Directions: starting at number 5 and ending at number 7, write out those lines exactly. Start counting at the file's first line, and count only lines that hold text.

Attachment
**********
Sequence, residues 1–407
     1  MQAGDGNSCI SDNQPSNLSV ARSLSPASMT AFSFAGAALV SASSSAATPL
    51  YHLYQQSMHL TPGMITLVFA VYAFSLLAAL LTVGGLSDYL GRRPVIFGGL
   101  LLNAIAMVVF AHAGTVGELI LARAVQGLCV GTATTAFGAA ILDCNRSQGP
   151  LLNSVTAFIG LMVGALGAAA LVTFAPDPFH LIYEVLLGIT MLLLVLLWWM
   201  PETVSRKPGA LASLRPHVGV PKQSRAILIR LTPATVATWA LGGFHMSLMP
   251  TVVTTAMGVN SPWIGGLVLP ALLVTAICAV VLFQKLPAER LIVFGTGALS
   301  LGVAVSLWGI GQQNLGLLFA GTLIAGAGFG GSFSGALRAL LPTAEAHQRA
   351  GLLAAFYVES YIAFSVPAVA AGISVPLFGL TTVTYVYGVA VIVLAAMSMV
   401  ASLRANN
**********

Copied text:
   151  LLNSVTAFIG LMVGALGAAA LVTFAPDPFH LIYEVLLGIT MLLLVLLWWM
   201  PETVSRKPGA LASLRPHVGV PKQSRAILIR LTPATVATWA LGGFHMSLMP
   251  TVVTTAMGVN SPWIGGLVLP ALLVTAICAV VLFQKLPAER LIVFGTGALS